Abstract nouns are names of abstract things. Emotions, ideas, and concepts would come in this category. These are words that cannot be definitively described or calculated. In the following statements, the words in italics are the abstract nouns.
  • I think I am falling in Love.
  • The epiphany was overwhelming.
  • It was his stroke of genius.
In the first statement, the feeling of love is the noun. The second statement shows the idea of an epiphany as an abstract noun. The third statement contains the concept of genius as the noun.

Concrete Noun
Concrete nouns are those that are tangible and obvious. The concept of concrete nouns is the exact opposite of that of abstract nouns. In fact, other than abstract nouns, all nouns are concrete nouns. In the following statements, the words in italics are the concrete nouns.
  • Damien is the star football player in the school.
  • A pen is mightier than a sword.
  • A pride of lions.
In the first statement, the proper noun is also a concrete noun as it is a person that is existent and tangible. In the second statement, the concrete nouns are also common nouns. Both objects can be touched and felt. The third statement contains a concrete noun that is a collective noun describing a group of factual animals that can be seen, heard, smelt, touched etc.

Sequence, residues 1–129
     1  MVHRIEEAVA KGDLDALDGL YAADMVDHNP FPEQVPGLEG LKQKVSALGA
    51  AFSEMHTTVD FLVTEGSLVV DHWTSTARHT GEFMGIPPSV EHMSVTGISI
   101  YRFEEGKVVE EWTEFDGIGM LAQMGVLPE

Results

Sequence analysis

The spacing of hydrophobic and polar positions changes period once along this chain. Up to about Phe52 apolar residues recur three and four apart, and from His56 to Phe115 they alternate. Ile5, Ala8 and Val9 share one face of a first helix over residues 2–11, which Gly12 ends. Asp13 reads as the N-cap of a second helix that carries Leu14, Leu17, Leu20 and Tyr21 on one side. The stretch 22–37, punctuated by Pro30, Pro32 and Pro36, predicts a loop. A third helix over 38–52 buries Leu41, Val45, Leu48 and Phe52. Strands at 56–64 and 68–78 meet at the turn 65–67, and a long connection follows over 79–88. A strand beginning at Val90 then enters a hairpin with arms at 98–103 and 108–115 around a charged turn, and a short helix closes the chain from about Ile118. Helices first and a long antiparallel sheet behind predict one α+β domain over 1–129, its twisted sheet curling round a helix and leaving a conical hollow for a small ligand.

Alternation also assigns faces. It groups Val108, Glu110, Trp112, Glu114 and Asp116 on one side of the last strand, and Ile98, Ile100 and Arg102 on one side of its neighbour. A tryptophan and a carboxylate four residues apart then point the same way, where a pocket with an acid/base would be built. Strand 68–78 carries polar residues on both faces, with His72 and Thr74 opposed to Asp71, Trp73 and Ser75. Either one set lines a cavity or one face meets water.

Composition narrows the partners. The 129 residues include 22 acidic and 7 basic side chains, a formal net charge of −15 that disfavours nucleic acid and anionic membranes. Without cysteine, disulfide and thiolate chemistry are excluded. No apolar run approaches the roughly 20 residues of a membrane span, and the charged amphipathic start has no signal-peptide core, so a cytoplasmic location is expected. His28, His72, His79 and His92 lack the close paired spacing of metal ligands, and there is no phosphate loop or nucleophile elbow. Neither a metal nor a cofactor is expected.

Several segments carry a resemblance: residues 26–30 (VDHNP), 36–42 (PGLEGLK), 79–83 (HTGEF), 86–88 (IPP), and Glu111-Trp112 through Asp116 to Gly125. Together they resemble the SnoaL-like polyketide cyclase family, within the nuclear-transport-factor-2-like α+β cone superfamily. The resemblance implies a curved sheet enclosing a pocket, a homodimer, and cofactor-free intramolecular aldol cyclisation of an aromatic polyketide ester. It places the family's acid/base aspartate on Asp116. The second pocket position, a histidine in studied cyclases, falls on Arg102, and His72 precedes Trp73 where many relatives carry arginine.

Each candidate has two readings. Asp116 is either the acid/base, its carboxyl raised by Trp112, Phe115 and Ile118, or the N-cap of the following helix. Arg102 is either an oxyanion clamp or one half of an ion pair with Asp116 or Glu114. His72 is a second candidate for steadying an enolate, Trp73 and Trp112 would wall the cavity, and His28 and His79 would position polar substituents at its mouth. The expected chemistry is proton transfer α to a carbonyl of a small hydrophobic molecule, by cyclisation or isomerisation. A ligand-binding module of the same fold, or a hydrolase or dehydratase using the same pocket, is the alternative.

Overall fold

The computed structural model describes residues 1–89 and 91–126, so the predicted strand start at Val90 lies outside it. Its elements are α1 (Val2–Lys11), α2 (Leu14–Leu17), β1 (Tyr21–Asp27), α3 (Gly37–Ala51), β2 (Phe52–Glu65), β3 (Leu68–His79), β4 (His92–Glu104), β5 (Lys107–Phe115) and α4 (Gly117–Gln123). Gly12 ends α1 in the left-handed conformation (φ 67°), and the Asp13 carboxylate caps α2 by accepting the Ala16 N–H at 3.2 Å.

Countable Nouns
Countable nouns are those that show their numerical status. As in, whether they are singular or plural. In the following statement, the words in italics are the countable nouns.
  • The guys were meeting at the gym.
In the statement, the first noun is in the plural state, which refers to the fact that there is more than one guy subject to the action. The second noun is singular in state, which shows that there is only one gym subject to the action.

Mass Nouns
These nouns are the exact opposite of countable nouns. Hence, they are often known as uncountable nouns. These nouns are words that never let out the numerical status of the subject. In the following statements, the words in italics are the mass nouns.
  • We need to get them some water.
  • The wood was burning.
  • The information was incomplete
The nouns in all the statements refuse to let the reader know if they are singular or plural.

Pronouns
This type is not a noun, really. They are words that replace nouns in order to avoid repetition and redundancy in a statement or conversation. They are on the basis of gender.
  • HE is the pronoun used for a male noun.
  • SHE is the pronoun used for a female noun.
  • IT is the pronoun used for a thing that one does not know the gender of, or that does not have a definite gender.
  • THEY is a pronoun used for plural nouns.
  • THIS is a pronoun used for a singular noun that is in the vicinity.
  • THESE is the pronoun used for plural nouns in the vicinity.
  • THAT is the pronoun used for a singular noun that is not around.
  • THOSE is the pronoun used for a plural noun that is not around.
Whenever we are talking, we always have to refer to a person or thing by a name. We cannot talk without using a name. In the same way, we need nouns, which makes us realize their importance.